Tinseltown: Apologists For JP Morgan’s Titanic Involvement
The consciousness industry is getting busy apologizing for JP Morgan. Although Germany, Denmark, Italy, Serbia and Canada have already had the opportunity to see the 12-part series “Titanic: Blood and Steel,” a documentary about the construction and sinking of the RMS Titanic. It is one of the two large budget television dramas to be aired on the titanic in 2012, the centenary of the disaster. So pop your popcorn and buy those large sodas (except for you NY) and get ready to be downloaded with a new storyline on the White Star Line Fleet and their telling of how the Titanic sank. Of course, many contend that the Titanic was not even the Titanic, and that insurance fraud and incompetence are at the heart of the tragedy.
Chris Noth is set to play JP Morgan. The actor who is best known for Sarah Jessica Parker’s ultra-succesful squeeze in “Sex and the City,” plays the real-life tycoon JP Morgan in “Titanic: Blood and Steel,” which premiers Monday night at 8.
“He’s fascinating to play,” says Noth. “At first he looks like this very rich guy that we all automatically resent. But he’s not what he seems.”
What history did Noth read? Of course, he obviously does not understand the tangled web JP Morgan has weaved to enslave the global population inside a certain Derivatives Bomb. And, although a common collective narrative is that the nefariousness of such a banking institution in today’s world is not tied to their history is fallacy.
“He was the richest man in the world and twice he rescued the country from financial ruin, in 1895 and around 1905. He cared deeply about the stability of the financial system.”
Saved the world from financial ruin? The financial ruin of 1895 and 1905 resulted in the same end-goal of all financial crises: wealth consolidation. The poor only got broader throughout the middle of the nineteenth century and on into the twentieth century as JP Morgan and the boards of directors throughout its history have consolidated the banking empire.
The series has got it right: JP Morgan did help finance the sailing of the Titanic. Namely, there were two ships: Titanic and Olympic. Olympic experienced serious damage in its maiden voyage, resulting in millions of dollars in needed repairs. It would take weeks to rebuild. The British Navy deemed that the accident had been the Olympics fault, and so White Star Line (and thus JP Morgan), facing financial troubles, had to think of something. And it did: insurance fraud.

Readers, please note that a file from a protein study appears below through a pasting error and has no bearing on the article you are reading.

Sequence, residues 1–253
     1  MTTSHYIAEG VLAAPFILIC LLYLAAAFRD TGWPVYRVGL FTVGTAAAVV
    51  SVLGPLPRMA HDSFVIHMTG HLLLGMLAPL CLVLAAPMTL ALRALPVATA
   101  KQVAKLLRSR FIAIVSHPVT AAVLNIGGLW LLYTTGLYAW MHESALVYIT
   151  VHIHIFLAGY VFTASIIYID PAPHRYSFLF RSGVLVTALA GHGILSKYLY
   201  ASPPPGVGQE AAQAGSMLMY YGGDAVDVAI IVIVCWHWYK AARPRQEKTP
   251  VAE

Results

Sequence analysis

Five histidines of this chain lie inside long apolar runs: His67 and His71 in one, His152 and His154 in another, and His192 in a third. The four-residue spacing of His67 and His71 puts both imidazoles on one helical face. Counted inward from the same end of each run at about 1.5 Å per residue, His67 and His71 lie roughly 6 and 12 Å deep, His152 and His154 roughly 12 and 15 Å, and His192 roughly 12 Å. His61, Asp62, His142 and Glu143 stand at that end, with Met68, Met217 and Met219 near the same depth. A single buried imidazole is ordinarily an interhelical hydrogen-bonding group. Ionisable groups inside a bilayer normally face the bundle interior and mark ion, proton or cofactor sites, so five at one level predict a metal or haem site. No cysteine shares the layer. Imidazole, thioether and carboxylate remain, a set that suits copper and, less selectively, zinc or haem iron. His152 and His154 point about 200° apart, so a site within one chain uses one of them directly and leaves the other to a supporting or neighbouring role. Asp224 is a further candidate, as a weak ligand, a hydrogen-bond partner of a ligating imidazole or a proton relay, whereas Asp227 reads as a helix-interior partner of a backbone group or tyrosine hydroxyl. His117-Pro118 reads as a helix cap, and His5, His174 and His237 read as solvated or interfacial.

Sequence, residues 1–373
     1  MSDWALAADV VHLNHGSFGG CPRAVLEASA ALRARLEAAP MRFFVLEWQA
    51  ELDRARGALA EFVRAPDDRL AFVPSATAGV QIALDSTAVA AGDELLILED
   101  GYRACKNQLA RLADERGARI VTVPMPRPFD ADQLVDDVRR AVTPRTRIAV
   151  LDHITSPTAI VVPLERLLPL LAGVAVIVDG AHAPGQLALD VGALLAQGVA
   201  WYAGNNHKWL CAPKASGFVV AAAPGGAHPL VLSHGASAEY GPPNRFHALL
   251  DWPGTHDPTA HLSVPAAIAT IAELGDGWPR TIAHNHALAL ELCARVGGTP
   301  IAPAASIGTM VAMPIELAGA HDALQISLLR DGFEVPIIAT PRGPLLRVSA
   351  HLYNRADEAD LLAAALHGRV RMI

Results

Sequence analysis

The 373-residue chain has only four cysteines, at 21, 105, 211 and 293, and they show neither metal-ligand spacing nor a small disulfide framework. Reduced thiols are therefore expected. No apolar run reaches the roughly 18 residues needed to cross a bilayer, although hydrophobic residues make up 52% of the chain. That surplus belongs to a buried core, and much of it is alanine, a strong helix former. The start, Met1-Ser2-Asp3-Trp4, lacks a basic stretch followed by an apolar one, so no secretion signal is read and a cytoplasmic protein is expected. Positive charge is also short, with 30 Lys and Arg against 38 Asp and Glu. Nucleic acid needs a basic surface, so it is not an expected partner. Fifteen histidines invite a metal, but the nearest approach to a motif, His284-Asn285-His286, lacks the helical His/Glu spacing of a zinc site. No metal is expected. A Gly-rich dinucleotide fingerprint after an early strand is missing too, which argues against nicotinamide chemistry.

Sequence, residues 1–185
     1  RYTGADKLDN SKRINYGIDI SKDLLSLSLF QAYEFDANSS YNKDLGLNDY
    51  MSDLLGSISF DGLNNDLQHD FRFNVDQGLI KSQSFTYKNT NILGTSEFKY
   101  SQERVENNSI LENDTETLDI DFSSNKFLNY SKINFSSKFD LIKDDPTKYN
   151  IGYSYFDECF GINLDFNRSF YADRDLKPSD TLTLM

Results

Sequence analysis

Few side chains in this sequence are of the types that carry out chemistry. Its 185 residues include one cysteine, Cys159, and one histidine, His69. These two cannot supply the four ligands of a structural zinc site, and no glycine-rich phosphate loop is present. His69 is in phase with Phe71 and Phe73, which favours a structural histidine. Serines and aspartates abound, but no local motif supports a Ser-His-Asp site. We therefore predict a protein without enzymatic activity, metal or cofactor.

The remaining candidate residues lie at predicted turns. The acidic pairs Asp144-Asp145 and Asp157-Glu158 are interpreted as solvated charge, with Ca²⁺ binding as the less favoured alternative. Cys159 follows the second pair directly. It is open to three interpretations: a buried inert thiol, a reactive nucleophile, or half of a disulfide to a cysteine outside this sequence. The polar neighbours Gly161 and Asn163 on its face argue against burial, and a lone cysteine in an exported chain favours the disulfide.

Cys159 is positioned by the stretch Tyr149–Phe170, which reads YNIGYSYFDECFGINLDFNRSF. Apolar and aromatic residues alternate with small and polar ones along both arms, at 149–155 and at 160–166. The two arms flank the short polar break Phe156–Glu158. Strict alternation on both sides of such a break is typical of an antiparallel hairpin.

The Olympic would become the Titanic. It underwent the makeover, which was not hard to do since the Titanic and Olympic were virtually identical, and then it sailed as the Titanic, crashing into an iceberg that would have been seen by miles and miles in the conditions in which Titanic sailed. Indeed, there were many other boats in the ice patch that night. Yet, the Titanic sank. Indeed, the week before the voyage, the Titanic increased its insurance on the boat to approximately $12 million from approximately $8 million. Today, that $12 million is worth $275, 3584,50.
As for JPMorgue himself in the series:
“He’s somewhat on the periphery of this series,” says Noth, “but I’d love to do a full biography on him. He was a very private man and he knew what he was doing.”
Strangely, the series dug deep for a new story of the Titanic, focusing on the building of the shit. “The series does something incredibly smart,” says Noth. “It takes a subject that’s been well covered and finds a part of the story that hasn’t been told — the effort, the adventure and the dream of building this ship.”
The building of the ship – and whether or not the Titanic which sailed was really the Titanic – is one of the most questioned aspects of the project.